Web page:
Aren't we always told that National Insurance is there to pay for the NHS?* Total NIC revenues are around £110 billion, the NHS costs a bit more than that, so it's not far off. A tax is not a real cost to the NHS, because the NHS is taxpayer funded (a point which Lola has made about a million times).

* Cognitive dissonance being what it is, pensioners also claim that they have paid for their current state pensions (just under £100 billion a year) with their past NI contributions. When challenged, they refuse to accept that National Insurance is not a magical tax which can be spent four times over (for both the NHS and other people's pensions in the past, as well as the current cost of the NHS with a surplus built up being used to pay current pensions). I have actually seen pensioner propaganda saying that pensions are too low because their past NI contributions were squandered on something else, meaning it is spent five times over or some such accounting bullshit.

This is not evidence that a Brexit would help UK exports...

We have gleefully shredded many of the non-arguments put forward by the Remainers. In the spirit of fairness, it must be said that some Leavers are making the same mistake (i.e. putting forward arguments that are so feeble that they make you suspect that the opposite view is correct).

One that popped up again in yesterday's City AM (I can't find it online) was that the non-EU countries Switzerland and Norway export more per capita than the UK does. (I can't remember whether this was to the rest of the EU or rest of the world, not that it really matters)

Well duh.

This has nothing to do with the fact that Norway and Switzerland are not in the EU, it is simply because they are small countries (measured by population or economy). Logic and observation tells us that the smaller the country, the higher the value of imports and exports per capita (try imagining that your town was a separate country).

The list at Wiki shows the following in USD:

Liechtenstein 122,193 (2011)
Switzerland 40,250 (2011)
Norway 32,760 (2011)
Belgium 30,209 (2011)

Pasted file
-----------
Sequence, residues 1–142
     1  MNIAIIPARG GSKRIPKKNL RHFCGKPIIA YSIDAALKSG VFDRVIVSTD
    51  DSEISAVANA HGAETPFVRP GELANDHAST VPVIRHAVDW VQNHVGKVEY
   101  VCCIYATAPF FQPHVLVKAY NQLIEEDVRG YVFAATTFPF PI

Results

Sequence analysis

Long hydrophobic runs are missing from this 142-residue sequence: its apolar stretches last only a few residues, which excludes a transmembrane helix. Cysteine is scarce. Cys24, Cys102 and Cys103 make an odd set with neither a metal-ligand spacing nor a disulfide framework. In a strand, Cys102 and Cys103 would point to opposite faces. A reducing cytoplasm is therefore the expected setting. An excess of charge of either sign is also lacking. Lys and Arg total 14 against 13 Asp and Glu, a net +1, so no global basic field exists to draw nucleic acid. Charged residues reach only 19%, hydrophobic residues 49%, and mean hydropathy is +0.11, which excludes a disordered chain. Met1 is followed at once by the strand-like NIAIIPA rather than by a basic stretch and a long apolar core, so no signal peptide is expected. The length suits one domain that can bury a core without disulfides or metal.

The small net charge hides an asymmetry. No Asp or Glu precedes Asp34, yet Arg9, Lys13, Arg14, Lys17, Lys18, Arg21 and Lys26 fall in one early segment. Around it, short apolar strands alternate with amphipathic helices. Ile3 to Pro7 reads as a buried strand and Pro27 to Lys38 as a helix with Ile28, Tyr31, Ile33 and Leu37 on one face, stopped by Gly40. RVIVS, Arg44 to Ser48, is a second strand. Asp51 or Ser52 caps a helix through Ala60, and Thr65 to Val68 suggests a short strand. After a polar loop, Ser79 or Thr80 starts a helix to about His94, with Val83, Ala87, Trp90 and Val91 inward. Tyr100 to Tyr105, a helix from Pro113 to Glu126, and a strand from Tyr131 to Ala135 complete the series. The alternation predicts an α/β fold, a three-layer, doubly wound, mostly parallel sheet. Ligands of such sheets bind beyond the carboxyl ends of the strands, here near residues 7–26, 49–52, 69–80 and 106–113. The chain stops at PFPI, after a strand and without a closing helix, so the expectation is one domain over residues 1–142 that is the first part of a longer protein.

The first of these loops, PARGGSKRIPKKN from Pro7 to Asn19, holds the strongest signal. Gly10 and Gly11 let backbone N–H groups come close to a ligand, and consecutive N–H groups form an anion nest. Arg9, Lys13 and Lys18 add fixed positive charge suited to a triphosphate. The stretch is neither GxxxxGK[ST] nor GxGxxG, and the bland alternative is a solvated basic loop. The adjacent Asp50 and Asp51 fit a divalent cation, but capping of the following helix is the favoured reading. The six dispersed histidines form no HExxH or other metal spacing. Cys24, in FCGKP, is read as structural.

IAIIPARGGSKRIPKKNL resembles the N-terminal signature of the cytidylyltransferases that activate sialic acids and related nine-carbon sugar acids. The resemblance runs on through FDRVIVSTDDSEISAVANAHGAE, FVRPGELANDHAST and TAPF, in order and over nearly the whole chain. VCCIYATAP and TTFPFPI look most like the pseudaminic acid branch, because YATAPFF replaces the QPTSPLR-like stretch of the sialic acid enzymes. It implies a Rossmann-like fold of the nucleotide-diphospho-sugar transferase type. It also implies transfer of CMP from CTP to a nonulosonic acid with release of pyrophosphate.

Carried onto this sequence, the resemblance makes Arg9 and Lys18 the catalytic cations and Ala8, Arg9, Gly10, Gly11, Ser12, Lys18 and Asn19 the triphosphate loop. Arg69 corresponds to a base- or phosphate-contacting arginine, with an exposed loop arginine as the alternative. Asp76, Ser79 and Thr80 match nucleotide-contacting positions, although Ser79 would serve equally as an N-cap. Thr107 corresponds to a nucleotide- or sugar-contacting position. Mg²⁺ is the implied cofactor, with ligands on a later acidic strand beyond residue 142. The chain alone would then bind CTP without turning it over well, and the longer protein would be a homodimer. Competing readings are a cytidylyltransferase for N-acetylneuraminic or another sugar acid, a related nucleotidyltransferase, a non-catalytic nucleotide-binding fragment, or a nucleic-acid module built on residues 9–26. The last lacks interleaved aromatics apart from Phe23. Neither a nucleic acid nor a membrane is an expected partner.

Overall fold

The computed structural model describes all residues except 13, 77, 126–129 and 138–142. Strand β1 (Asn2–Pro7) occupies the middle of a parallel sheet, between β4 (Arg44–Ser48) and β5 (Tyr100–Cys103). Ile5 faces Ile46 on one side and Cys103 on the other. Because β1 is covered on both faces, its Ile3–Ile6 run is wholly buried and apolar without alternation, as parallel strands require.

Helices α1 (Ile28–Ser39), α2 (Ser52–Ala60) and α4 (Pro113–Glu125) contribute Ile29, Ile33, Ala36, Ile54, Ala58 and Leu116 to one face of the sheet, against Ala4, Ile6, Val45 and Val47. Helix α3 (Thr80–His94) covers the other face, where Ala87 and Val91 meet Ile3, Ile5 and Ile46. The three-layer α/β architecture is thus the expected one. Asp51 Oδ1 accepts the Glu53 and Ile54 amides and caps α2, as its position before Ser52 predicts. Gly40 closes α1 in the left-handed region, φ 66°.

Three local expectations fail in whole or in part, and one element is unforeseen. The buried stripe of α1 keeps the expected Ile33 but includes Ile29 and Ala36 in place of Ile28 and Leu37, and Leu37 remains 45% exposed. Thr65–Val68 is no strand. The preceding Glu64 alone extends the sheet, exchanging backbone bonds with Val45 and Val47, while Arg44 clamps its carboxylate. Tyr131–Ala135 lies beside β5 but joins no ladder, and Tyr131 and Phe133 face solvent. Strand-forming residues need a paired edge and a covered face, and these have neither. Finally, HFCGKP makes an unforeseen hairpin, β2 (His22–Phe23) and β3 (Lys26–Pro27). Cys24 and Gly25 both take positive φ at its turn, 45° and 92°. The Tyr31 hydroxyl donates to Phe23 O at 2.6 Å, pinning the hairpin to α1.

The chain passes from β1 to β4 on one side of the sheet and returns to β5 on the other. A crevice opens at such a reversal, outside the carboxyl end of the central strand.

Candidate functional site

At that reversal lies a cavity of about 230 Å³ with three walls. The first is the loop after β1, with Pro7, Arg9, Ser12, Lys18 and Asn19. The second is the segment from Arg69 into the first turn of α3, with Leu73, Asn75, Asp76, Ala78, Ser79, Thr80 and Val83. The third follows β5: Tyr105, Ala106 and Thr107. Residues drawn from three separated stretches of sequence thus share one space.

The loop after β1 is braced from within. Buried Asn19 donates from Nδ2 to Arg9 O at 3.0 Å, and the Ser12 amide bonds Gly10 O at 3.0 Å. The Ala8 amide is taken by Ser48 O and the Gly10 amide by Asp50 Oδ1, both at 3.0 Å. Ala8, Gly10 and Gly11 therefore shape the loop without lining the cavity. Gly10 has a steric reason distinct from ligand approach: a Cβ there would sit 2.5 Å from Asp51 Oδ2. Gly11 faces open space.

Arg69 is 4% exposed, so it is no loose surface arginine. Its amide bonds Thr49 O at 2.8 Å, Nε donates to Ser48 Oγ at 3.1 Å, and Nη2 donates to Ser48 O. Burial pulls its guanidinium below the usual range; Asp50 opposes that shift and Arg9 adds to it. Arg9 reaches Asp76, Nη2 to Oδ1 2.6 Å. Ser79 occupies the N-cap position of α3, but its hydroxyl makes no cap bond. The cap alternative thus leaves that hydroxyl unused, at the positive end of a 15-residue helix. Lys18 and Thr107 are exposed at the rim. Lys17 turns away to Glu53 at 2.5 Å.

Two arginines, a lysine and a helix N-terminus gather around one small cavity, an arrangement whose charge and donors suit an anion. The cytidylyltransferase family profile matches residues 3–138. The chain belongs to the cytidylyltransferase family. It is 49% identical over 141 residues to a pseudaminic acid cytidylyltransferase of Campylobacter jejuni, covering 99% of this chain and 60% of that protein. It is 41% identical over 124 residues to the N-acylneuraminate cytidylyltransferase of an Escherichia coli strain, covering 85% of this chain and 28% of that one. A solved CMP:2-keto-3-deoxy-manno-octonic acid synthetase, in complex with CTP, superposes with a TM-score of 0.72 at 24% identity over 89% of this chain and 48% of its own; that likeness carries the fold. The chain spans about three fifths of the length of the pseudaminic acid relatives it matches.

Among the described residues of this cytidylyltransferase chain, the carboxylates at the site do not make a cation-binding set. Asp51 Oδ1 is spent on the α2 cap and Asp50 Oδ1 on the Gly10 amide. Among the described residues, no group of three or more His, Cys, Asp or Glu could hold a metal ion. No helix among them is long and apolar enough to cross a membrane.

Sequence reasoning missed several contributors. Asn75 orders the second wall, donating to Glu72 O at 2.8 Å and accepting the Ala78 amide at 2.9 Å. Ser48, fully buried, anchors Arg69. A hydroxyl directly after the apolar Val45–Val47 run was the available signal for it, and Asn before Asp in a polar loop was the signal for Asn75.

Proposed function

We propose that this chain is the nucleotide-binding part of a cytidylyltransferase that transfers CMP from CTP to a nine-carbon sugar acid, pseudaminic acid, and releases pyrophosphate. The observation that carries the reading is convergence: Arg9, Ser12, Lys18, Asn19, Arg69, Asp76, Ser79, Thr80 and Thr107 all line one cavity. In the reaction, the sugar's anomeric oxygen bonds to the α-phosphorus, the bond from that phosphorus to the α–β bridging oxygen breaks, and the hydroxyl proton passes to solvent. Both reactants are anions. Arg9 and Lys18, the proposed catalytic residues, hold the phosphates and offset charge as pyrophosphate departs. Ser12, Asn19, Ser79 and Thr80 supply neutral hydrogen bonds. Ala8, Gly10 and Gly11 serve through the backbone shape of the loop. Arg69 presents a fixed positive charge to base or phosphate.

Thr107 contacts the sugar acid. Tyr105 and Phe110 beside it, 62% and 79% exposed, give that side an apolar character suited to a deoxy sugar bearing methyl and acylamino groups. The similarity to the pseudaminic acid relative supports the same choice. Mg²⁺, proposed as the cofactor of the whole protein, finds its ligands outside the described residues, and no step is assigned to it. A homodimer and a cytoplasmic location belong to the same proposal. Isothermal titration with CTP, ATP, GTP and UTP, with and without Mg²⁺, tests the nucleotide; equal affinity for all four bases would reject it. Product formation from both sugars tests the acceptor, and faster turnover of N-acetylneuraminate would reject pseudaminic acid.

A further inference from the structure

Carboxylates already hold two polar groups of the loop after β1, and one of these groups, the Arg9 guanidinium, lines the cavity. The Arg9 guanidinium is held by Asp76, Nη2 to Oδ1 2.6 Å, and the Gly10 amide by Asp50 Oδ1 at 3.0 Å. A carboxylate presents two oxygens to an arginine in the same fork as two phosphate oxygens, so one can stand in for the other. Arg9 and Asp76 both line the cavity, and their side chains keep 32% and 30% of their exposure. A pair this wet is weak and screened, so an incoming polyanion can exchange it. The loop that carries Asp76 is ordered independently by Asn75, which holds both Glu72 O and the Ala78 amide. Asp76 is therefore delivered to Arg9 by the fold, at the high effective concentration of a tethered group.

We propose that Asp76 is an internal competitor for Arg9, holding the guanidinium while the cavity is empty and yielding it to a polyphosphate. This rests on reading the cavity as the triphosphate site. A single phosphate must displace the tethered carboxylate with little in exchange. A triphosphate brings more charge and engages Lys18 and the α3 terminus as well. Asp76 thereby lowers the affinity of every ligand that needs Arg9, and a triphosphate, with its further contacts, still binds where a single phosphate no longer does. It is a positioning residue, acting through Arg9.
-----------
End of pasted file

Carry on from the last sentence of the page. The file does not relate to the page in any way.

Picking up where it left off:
Ireland 25,652 (2011)
Iceland 21,500 (2009 estimate)
Austria 20,424 (2011)
Denmark 20,000 (2011)
Sweden 19,687 (2011)
Germany 18,865 (2011)
Slovenia 16,640 (2009 estimate)
Slovakia 14,570 (2009 estimate)
Czech Republic 12,590 (2009 estimate)
Finland 10,766 (2009 estimate)
Hungary 10,700 (2011)
Estonia 9,820 (2009 estimate)
France [2] 8,989 (2011)
Italy 8,750 (2011)
United Kingdom 7,582 (2011)

Lithuania 7,250 (2009 estimate)
Spain 6,596 (2011)


I can't be bothered plotting a graph of exports per capita against actual population again, but you get the gist. Germany sticks out like a sore thumb, but exporting is their national religion.

The other four large EU member states are, as one would expect, bunched together at the bottom of that list. Dunno why Lithuania is so low down and going by population alone, Iceland ought to be higher up, but it's bloody miles from anywhere, and nautical miles at that.

"Violent puppet show sparks apology, but jailing puppets was wrong, says Madrid mayor"

From CBC News:

Madrid city hall apologized Monday to parents for exposing their children to a violent puppet show, but says jailing the puppets for allegedly praising terrorism was disproportionate.

Puppets "The Witch" and "Don Cristobal" were impounded without possibility of bail on Friday for using a sign saying, "Long Live Alka ETA," in a word-play reference to Spain's armed Basque group ETA and al-Qaida.

The satirical theatre piece entitled "The Witch and Don Cristobal", also featured the hanging of a judge's effigy, the stabbing of a nun with a crucifix and police beatings, prompting parents attending with children to complain. The show was commissioned by the city as part of Carnival celebrations.

Kermit and Sooty are spearheading a campaign for the pair's release.

Monday, 8 February 2016

What a load of alarmist nonsense

Here

If lots of illegal immigrants without adequate papers are allowed on cross channel ferries by lax French border officials and end up at Dover, from what I recall, international law is quite clear they can and will be sent back on the next boat.

Of course the French could mischievously issue said immigrants with French papers, but this would be easy to spot and deal with.

Fun Online Polls: Plastic bags & Storm names

The results to last week's poll were as follows:

How many plastic bags did you or members of your household pay 5p for last month?

None - 60%
1 to 5 - 29%
6 to 10 - 10%
11 to 20 - 2%
21 to 30 - 0%
More than 30 - 0%


So the claim that the number of supermarket plastic bags used has gone down by 80% might well be true. The unknown variable is, are people buying an equal and opposite amount of bin liners etc. to use instead of plastic bags? How do we find that out?

A good turnout, thank you to everybody (121 people) who took part.
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This week's poll:

Which were your favourite storm names so far?

You can choose as few or as many as you like.

Vote here or use the widget in the sidebar.